• Activities: participatory development of terms of reference; investigation of status quo; elaboration of reports; present findings of investigation; correct possible factual errors.
  • Output: report on status quo.

 

Step 4 – Assessment of (User) Priorities

 

  • Activities: establish ground rules for step 5 (priorities, levels of service, institutional arrangements, cultural acceptability etc.).
  • Output: ground rules for the identification of options.
  • See also baseline data collection.

 

Step 5 – Identification of Options

 

 

Step 6 – Evaluation of Feasible Service and Reuse Options

 

  • Activities: participatory determination of feasible service and reuse combinations; decision making workshop.
  • Output: decision on continuation or termination and on service/reuse combinations.
  • See also decision making.

 

Step 7 – Consolidated Ecosan Plans for Project Area

 

  • Activities: assembling and integrating service & reuse combinations into a broader water supply, sanitation and reuse framework.
  • Output: Consolidated ecosan plan for entire project area.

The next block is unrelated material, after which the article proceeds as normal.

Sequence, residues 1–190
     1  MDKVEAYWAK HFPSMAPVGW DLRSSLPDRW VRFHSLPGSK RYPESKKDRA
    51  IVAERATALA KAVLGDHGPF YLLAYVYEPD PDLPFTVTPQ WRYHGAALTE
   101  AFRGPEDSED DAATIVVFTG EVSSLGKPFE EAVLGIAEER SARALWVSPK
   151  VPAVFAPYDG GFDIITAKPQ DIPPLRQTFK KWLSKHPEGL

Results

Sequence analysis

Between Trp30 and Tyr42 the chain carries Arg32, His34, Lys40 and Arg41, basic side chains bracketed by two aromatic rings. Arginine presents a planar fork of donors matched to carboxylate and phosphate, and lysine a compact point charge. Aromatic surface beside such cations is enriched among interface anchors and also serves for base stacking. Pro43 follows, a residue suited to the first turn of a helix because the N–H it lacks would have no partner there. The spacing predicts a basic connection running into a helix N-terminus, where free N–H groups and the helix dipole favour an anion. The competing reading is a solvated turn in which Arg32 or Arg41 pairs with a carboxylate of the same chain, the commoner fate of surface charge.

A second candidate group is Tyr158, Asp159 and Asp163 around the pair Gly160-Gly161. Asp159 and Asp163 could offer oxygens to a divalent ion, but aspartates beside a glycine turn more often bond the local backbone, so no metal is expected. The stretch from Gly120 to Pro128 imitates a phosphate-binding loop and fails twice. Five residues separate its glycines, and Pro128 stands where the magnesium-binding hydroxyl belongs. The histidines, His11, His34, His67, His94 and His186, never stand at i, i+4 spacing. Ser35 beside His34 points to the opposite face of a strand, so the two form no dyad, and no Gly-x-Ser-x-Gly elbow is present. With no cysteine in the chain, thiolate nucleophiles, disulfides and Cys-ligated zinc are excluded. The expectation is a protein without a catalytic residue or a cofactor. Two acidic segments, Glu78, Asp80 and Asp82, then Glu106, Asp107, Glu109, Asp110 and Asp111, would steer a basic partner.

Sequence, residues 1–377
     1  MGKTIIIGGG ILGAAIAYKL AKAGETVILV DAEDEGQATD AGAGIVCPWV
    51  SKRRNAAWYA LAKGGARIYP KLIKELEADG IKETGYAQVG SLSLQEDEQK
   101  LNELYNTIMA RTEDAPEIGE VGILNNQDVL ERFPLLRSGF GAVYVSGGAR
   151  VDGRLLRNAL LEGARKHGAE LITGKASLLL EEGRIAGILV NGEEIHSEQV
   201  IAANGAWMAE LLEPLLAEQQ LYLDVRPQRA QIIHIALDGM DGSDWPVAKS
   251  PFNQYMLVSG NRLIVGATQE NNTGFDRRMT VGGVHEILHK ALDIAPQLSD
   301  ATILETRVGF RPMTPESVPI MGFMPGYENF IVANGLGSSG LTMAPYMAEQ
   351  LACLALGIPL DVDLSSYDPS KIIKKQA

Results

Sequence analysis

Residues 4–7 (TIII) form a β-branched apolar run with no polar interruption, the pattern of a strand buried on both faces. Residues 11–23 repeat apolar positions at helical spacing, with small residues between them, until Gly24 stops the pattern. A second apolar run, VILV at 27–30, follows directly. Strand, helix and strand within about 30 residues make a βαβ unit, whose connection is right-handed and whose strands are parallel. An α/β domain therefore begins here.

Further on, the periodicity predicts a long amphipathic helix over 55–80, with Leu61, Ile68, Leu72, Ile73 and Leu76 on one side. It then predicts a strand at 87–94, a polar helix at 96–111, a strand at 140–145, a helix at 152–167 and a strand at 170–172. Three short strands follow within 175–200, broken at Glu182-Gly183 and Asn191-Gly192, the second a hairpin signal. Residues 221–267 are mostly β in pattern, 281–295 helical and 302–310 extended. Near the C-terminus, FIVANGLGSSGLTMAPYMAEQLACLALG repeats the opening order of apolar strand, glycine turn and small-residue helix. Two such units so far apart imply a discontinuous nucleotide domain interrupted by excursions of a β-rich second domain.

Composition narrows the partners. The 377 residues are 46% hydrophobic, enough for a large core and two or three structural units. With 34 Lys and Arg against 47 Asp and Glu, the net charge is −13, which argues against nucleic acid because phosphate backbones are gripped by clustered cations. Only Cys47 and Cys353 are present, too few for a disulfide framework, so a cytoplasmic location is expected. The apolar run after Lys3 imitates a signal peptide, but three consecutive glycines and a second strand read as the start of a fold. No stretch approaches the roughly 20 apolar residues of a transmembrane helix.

Step 8 – Finalising Consolidated Ecosan Plans for the Study Area

 

 

Step 9 – Implementation

 

  • Activities: elaboration of technical and implementation plans; decision on infrastructure; tendering; financial support; hardware investment; provision of equipment; construction; training & advice to users and service providers; use of sanitary system; maintenance; collection, treatment; storage, transport; reuse of recyclates; marketing of recyclates.
  • Output: sustainable, user oriented closed-loop sanitary system.
  • See also project implementation.

 

Ongoing monitoring, evaluation and feedback (MEF) activities are extremely important in an ecosan programme. These should be performed throughout the entire process, beginning in the awareness raising phase, with the activities and results being monitored and evaluated.

Applicability

Most approaches to date were developed for programmes dealing with conventional systems of water supply and sanitation. They hence fail to address issues which are of vital importance in ecosan programmes, such as the hygienic reuse of recyclates from household sewage in agriculture, and the needs of the users of the recyclates. The GTZ ecosan project steps aim to tackle these issues. It helps planners to adopt a participatory process that should result in a wider acceptance of the chosen system and its sustainability.
The GTZ-ecosan project steps can be applied in a rich variety of contexts and in different framework conditions. It is particularly helpful in sanitation projects that have a strong focus on recharge and reuse.
 

Advantages